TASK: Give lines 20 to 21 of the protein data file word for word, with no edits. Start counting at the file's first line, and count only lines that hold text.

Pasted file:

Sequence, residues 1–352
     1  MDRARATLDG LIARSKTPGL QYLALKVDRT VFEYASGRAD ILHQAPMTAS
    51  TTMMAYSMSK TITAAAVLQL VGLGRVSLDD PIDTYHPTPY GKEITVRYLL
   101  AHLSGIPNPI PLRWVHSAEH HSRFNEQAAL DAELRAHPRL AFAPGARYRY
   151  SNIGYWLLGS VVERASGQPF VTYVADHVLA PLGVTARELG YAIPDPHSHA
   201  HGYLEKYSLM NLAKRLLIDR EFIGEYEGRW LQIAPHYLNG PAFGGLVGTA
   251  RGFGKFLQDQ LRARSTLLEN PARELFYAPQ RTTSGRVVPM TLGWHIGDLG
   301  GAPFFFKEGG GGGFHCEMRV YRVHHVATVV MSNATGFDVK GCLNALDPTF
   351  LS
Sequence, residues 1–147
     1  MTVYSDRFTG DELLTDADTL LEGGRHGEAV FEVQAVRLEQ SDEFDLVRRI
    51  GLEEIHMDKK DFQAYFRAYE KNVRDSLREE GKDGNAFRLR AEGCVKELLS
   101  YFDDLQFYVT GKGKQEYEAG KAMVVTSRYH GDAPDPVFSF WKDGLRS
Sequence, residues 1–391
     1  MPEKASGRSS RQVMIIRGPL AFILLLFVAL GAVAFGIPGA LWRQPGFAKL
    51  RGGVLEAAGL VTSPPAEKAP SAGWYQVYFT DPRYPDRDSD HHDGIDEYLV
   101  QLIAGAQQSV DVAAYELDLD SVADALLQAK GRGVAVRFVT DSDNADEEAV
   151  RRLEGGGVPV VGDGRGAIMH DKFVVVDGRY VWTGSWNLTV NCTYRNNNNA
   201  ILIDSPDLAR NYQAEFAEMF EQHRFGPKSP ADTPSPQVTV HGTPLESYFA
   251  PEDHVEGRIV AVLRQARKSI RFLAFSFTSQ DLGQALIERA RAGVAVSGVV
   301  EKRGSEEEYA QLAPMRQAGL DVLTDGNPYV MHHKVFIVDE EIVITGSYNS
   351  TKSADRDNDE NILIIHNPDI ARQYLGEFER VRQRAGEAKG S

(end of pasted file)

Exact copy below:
   251  PEDHVEGRIV AVLRQARKSI RFLAFSFTSQ DLGQALIERA RAGVAVSGVV
   301  EKRGSEEEYA QLAPMRQAGL DVLTDGNPYV MHHKVFIVDE EIVITGSYNS